Ranking Bears position groups in the NFC North
It figures to be a lean year for the NFC North.
The Packers would have a hard time improving on consecutive 13-3 records anyway, and losing two key offensive linemen could keep them from attaining an early level of dominance. There will also be plenty of scrutiny for Aaron Rodgers after his summer of discontent. Does missing offseason work affect a QB in his late 30s?
The Vikings and Bears both tried to make up ground, but both appear to have stumbled over themselves in ways that leave them even further behind the Packers than last year.
There are numerous prayer groups accepting requests for the Lions before Dan Campbell has bitten a single kneecap. Here’s a position ranking of the NFC North, a division where the champion looks like they could be an easy out in the playoffs this year.
1. Packers 2. Vikings 3. Lions 4. Bears
After all the drafting and signings, the Bears still rate worst at this position in the NFC North. This is only because Justin Fields has not played yet and Andy Dalton has played enough to know he’s not as good as either Aaron Rodgers or Kick Cousins. Is he better than Jared Goff? It’s possible, but Goff has been to a Super Bowl and Dalton has never even won a playoff game.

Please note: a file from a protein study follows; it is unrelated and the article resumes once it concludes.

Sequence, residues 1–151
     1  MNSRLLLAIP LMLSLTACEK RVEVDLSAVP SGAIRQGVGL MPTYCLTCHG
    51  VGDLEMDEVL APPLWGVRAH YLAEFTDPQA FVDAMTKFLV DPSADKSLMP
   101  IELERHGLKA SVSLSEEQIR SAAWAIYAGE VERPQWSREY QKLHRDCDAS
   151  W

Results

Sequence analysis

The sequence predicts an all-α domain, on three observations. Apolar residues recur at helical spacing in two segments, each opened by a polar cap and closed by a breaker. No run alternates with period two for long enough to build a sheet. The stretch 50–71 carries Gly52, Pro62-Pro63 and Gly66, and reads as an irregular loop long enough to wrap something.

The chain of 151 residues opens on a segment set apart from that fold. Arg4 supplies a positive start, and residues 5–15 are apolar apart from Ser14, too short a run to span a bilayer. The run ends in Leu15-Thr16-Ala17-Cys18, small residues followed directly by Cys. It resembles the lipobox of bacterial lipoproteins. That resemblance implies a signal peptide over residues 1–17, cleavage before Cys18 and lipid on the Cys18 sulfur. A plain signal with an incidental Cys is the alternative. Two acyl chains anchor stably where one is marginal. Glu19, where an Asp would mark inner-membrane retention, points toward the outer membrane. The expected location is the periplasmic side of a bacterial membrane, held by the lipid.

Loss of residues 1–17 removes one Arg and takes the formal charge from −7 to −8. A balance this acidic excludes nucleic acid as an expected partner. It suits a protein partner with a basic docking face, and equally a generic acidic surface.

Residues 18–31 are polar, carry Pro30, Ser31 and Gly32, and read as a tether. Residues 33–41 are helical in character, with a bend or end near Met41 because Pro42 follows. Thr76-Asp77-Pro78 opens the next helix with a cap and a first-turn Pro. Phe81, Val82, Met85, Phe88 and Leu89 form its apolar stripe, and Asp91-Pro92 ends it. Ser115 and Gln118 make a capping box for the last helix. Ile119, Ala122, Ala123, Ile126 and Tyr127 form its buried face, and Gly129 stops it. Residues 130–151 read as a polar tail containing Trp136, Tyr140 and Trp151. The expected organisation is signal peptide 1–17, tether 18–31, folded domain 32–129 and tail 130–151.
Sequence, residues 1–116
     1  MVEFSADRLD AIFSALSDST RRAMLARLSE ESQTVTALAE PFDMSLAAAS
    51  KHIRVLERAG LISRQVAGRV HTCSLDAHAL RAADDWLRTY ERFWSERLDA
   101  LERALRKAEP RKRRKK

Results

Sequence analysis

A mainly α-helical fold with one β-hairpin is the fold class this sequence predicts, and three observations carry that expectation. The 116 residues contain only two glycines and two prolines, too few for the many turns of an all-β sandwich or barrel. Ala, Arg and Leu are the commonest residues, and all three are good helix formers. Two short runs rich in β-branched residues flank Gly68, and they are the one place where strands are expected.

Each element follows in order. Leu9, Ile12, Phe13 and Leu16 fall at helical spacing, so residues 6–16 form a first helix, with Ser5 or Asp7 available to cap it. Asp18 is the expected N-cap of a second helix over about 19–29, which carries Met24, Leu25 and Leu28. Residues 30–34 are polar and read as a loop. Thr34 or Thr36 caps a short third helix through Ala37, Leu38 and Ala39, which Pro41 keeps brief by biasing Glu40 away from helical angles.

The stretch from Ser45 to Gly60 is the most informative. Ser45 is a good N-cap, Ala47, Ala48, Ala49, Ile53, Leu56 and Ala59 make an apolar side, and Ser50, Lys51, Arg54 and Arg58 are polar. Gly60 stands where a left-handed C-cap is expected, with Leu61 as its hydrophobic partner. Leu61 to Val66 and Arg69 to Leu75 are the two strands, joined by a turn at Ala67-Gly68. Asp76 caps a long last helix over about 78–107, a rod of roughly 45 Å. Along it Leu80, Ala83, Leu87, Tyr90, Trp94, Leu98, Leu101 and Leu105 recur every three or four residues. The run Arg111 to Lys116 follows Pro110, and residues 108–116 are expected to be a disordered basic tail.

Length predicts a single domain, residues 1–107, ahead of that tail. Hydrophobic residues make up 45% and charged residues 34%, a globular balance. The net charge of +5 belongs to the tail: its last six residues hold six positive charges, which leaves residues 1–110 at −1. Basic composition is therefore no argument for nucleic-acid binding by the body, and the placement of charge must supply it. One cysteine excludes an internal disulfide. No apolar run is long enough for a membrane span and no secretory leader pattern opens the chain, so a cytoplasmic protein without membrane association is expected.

1. Packers 2. Vikings 3. Bears 4. Lions
It would be easy to place the Vikings first based on the explosiveness of Dalvin Cook, but he has been somewhat injury prone and their depth is not of a quality. The Bears have made great in-roads in the depth factor. Even with David Montgomery’s fierce running style and Damien Williams’ experience, the Bears can’t rate ahead of Green Bay with Aaron Jones and A.J. Dillon. The Packers know how to use their backs, as well. If D’Andre Swift steps up to where the Lions expected when they drafted him last year, they could be on par with the Bears. They do have depth, as former Packers back Jamaal Williams has been added. In fact, it wouldn’t be surprising if Williams eventually became the starter.
1. Lions 2. Bears 3. Packers 4. Vikings
T.J. Hockenson rates the best tight end in the division and the Lions have made this position a priority by bringing in Darren Fells as a backup. The Bears could have the best group of three, with Jesse James added and Cole Kmet ascending as starter ahead of Jimmy Graham. Green Bay’s Robert Tonyan is coming off an excellent first year as a starter but is backed up by fossilized Marcedes Lewis. The Packers had hope for Josiah Deguara but he’s on the PUP list. The Vikings had the best tight end group but fouled it up by letting Kyle Rudolph leave as a free agent and then losing starter Irv Smith Jr. to a knee injury. They’ll need Tyler Conklin to step up but he has shown promise.
1. Vikings 2. Bears 3. Packers 4. Lions